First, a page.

From a production standpoint, the rushed nature of the film is really quite evident; while the set work is fine if a little claustrophobic, the matte paintings really do look like paintings. The projection work is pretty wonky as well, and overall, the production doesn’t feel as tight as the previous film. It certainly doesn’t have the epic scope that King Kong had. I suppose there is a charm in the low-budget 1930s adventure serial feel to it. Oddly enough, Little Kong comes to Denham and Hilda’s rescue when Hilda screams and it is the exact same scream as Ann Darrow’s, and it did take me out of the moment.
The stop-motion animation is better than one might expect; Little Kong moves fluidly, and new dinosaurs, like the Styracosaurus and Nothosaurus, as well as a cave bear, are reasonably well-animated and are integrated well into the sets against human cast members. But again, it doesn’t match the fluidity and character of the first movie. The fight scenes have a lot of energy and ferocity, so for a short film it does make up for that with the creature encounters. A full-sized Kong hand puppet was built for the film, and used in tandem with the stop-motion. Little Kong is able to put forward a lot of expressions and is quite sympathetic for the most part. The comedic injections into Little Kong’s personality, with the cartoonish big eyes and childlike expressions, really don’t do anything for the film and almost seem self-parodying. Really, it’s going to be a matter of opinion whether you find Little Kong to be cute and charming or just a plain nuisance.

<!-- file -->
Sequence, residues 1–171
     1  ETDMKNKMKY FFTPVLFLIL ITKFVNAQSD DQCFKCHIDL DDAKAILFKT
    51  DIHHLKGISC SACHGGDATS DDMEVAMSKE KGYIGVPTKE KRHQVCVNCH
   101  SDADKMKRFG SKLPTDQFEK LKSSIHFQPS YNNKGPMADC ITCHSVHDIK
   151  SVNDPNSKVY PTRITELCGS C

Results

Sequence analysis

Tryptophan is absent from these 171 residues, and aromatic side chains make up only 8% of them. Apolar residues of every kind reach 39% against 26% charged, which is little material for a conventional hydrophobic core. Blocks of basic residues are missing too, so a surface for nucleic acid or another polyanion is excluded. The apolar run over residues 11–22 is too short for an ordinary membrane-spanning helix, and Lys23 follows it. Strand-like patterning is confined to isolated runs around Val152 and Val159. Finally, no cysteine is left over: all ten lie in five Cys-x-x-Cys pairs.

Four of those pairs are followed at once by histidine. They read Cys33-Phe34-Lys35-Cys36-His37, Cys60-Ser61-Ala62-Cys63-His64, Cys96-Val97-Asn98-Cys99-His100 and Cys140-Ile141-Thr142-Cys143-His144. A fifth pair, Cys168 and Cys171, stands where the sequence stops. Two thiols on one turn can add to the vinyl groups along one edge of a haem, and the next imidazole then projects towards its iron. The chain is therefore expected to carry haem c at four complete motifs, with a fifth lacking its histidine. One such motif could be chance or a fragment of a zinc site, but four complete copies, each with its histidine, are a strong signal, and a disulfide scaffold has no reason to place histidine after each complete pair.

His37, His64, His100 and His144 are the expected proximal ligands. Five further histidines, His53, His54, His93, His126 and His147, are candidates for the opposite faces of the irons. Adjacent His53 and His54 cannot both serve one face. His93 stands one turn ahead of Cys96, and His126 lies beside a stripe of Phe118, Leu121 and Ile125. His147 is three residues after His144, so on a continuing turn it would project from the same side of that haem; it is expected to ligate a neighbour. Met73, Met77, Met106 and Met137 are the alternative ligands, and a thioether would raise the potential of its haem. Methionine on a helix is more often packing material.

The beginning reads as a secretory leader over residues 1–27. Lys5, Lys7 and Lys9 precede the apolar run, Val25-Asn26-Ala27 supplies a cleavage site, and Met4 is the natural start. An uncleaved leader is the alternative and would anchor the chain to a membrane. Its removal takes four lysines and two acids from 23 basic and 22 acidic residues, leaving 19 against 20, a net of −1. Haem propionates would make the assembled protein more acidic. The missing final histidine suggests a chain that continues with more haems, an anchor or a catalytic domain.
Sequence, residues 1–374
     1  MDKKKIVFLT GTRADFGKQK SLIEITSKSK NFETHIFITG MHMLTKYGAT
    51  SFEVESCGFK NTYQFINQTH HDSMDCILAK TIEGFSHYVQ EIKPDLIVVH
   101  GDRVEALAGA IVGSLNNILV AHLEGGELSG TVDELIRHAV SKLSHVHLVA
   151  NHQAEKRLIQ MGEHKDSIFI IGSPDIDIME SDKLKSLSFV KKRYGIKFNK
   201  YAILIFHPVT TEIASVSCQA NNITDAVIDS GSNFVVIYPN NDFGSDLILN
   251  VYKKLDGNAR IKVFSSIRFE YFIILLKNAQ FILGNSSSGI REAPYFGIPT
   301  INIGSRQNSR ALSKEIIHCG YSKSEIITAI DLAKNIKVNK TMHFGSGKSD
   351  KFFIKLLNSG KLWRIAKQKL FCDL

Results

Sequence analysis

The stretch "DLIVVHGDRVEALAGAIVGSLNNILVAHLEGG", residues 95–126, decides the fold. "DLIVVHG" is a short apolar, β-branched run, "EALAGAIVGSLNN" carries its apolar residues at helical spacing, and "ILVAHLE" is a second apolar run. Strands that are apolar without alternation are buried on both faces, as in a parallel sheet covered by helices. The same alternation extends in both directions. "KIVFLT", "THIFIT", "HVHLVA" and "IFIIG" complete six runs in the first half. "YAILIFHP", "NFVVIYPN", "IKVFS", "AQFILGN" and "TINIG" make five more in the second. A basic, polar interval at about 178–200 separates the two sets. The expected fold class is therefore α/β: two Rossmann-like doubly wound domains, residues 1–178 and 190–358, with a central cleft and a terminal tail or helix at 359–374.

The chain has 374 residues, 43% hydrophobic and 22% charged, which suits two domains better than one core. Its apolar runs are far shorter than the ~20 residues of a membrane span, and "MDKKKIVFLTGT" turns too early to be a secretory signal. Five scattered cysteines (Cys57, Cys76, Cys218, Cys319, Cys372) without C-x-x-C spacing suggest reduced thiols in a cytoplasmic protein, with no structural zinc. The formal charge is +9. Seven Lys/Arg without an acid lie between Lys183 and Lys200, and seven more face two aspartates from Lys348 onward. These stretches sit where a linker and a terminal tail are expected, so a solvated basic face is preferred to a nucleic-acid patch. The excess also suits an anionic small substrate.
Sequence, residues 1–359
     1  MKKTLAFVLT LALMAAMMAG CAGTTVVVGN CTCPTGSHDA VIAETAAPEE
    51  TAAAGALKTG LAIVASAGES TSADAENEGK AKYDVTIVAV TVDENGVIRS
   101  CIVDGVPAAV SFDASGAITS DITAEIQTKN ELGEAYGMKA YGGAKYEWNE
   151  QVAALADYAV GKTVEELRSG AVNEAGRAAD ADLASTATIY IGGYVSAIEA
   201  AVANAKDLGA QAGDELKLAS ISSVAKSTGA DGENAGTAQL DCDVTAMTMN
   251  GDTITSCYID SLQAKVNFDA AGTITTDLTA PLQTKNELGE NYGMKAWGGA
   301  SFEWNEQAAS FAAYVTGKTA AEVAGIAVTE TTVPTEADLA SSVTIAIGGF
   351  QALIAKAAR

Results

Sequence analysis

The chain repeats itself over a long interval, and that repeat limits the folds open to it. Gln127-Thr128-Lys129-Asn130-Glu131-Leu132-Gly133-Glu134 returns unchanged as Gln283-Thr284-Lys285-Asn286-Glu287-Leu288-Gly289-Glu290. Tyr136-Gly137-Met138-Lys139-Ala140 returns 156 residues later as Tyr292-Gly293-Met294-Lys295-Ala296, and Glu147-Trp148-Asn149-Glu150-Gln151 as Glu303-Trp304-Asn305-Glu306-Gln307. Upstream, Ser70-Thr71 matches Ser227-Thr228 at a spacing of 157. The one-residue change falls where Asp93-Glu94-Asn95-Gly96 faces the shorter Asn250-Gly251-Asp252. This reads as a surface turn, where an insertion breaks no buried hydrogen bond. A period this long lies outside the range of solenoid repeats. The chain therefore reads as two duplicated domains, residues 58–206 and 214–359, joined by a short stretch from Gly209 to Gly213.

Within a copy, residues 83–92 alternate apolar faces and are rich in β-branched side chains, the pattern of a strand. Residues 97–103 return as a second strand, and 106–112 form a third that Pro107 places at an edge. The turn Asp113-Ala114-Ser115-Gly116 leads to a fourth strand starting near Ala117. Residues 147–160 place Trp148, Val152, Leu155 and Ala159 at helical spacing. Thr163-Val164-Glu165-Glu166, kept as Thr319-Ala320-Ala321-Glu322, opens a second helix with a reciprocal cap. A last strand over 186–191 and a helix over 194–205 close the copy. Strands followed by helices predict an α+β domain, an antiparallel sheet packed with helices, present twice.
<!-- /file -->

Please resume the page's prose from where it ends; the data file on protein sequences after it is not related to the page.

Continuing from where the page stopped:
What I do like about this setup is how this team comprises of a band of outcasts and outlaws. We have a disgraced director wanted by the law, an elderly sea captain who is implicated in his friend’s actions, a washed up singer who can’t sing, a treacherous rival captain, and a ship’s cook – and no tough sailors to protect them! Not exactly prime candidates for a grand adventure into a lost world of giant animals and dinosaurs, and there’s something almost subversive about that; they aren’t heroes or even the most decent of people, but they still keep their heads in a dangerous situation. The friendship and eventual romance between Denham and Hilda is not as good as the romance between Ann and Jack, but it gets more bearable during the second half.
The biggest problem with the film is that it really does take too long to get to Skull Island, about 37 minutes to be precise. This results in a short second act and a rushed third act that ends very abruptly. In those initial 37 minutes, there are a lot of scenes that feel very filler-ish and don’t contribute to the story or sense of adventure. It’s only an hour and six minutes long, and that means proportionally it takes even longer to get to the island than both its predecessor and the 2005 remake. Also, it bears mentioning that the revelation of there being buried treasure on Skull Island is very contrived. It’s an okay motivation for Denham to go back, but it still comes out of nowhere.